Siena Court Said to Pursue Swiss Laundering in Paschi Probe

Photographer: Alessia Pierdomenico/Bloomberg

Gianluca Baldassarri, a former finance chief for Monte Paschi, is being probed for money laundering in Switzerland and has built up assets in Italy and abroad disproportionate to his official income, estimated at 300,000 euros ($386,000), a Siena judge wrote in a March 17 arrest order obtained by Bloomberg News. Close

Gianluca Baldassarri, a former finance chief for Monte Paschi, is being probed for... Read More

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Photographer: Alessia Pierdomenico/Bloomberg

Gianluca Baldassarri, a former finance chief for Monte Paschi, is being probed for money laundering in Switzerland and has built up assets in Italy and abroad disproportionate to his official income, estimated at 300,000 euros ($386,000), a Siena judge wrote in a March 17 arrest order obtained by Bloomberg News.

Siena prosecutors will meet counterparts for Switzerland’s canton of Ticino tomorrow as they extend their probe of money laundering involving a former manager of Banca Monte dei Paschi di Siena SpA (BMPS), according to two people familiar with the investigation.

The probe may be broadened to include other individuals, said one person, who asked not to be identified because the investigation is private. Siena prosecutors declined to comment, while a spokesman for Ticino prosecutor Natalia Ferrara Micocci didn’t have an immediate comment.

Gianluca Baldassarri, a former finance chief for Monte Paschi, is being probed for money laundering in Switzerland and has built up assets in Italy and abroad disproportionate to his official income, estimated at 300,000 euros ($386,000), a Siena judge wrote in a March 17 arrest order obtained by Bloomberg News. There are “clues” that suggest Baldassarri transferred the proceeds of criminal activities through Swiss accounts, the judge wrote, citing a report from the Swiss authorities.

Baldassarri, deemed a flight risk, remains in custody after being arrested last month. Some of his assets were seized for obstructing regulatory activity and colluding with other managers to hide a document that showed how Monte Paschi used a derivative in 2009 to mask earlier losses, the court filing shows. Prosecutors in Siena are probing former Monte Paschi managers for false bookkeeping, market manipulation, criminal association and regulatory obstruction.

Complex Transactions

Baldassarri is also under investigation for fraud and criminal association for which about 20 million euros of his assets were seized, his lawyer, Filippo Dinacci, said by phone. He said he’s not aware of the Siena prosecutors’ meeting with Swiss authorities.

Baldassarri’s repatriation of “substantial” sums in 2009 and 2010 led to an investigation of the activities of Monte Paschi’s finance department and an inquiry into the bank’s use of complex financial transactions that had no apparent immediate or prospective profit, the court filing shows. One such deal with Nomura Holdings Inc. (8604), dubbed Alexandria, is at the center of the allegations against Baldassarri.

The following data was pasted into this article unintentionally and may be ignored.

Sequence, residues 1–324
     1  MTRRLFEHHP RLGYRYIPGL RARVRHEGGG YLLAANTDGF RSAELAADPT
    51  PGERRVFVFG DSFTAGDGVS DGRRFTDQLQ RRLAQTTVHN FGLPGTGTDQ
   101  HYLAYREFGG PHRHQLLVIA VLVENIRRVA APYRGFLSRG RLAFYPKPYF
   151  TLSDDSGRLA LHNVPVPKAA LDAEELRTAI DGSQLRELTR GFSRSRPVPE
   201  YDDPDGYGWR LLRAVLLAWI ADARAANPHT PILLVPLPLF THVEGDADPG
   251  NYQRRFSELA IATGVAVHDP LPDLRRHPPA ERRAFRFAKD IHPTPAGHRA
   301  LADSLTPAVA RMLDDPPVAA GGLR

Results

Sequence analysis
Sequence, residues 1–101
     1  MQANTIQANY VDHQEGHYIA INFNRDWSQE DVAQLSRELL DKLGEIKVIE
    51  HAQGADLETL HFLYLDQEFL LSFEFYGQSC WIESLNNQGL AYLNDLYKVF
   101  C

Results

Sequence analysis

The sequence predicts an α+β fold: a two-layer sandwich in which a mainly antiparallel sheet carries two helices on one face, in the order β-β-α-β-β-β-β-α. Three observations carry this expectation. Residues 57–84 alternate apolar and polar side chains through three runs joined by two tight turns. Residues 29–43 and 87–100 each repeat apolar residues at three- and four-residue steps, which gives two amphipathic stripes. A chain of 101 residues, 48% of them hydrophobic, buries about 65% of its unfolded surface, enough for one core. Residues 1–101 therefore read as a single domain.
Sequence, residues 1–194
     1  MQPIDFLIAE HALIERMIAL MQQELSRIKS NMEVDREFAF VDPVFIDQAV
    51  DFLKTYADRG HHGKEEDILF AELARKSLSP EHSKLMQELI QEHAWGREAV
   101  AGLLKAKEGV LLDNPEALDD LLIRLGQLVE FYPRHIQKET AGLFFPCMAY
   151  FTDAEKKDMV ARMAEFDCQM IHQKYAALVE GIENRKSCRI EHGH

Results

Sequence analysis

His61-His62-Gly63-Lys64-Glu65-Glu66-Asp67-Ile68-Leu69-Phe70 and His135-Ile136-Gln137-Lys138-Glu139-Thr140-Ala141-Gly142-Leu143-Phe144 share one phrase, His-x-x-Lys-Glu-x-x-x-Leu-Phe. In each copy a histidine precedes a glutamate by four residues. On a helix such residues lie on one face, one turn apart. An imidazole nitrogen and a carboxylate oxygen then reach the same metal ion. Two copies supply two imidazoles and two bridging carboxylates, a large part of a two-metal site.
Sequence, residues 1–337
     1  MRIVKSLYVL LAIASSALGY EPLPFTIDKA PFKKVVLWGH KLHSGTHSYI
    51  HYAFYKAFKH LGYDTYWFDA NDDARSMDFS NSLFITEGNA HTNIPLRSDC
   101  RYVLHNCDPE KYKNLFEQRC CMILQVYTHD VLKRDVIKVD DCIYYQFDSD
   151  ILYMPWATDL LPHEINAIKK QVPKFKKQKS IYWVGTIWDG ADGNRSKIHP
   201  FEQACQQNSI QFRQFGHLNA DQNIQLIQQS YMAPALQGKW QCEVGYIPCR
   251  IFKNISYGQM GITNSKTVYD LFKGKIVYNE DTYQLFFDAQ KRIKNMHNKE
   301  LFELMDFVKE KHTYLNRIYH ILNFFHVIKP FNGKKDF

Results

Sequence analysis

The banker allegedly hid a so-called mandate agreement on the trade dated July 31, 2009, that showed the intention to hide losses. The document was found on Oct. 10, the judge wrote.

In 2009, Baldassarri and other managers arranged a deal with Nomura whereby Monte Paschi bought Italian government bonds with a loan from the Japanese bank, swapped the fixed-rate interest payments on the bonds with a floating rate and guaranteed the credit risk on the bonds, in effect replicating the sale of credit-default swaps on the debt, according to the court filing.

Project Santorini

The Nomura deal was struck at a loss for Monte Paschi and saw the Italian bank post as much as 2.2 billion euros in collateral in November 2011, when Italian sovereign bonds fell, the court filing shows. An official for Nomura declined to comment.

In a separate deal in December 2008, Monte Paschi borrowed 1.5 billion euros from Deutsche Bank AG (DBK) in a deal, called Project Santorini, that also masked earlier losses. Bloomberg News first reported on the Santorini transaction in January.

“The transaction was subject to our rigorous internal approval processes and also received the requisite approvals of the client who was independently advised,” Deutsche Bank said in a statement March 13.

Monte Paschi said in February that Santorini, Alexandria and a third transaction, Nota Italia, led to accounting errors that forced a lender to reduce net assets by 730.4 million euros at the end of 2012.

To contact the reporters on this story: Elisa Martinuzzi in Milan at emartinuzzi@bloomberg.net; Sonia Sirletti in Milan at ssirletti@bloomberg.net

To contact the editor responsible for this story: Edward Evans at eevans3@bloomberg.net

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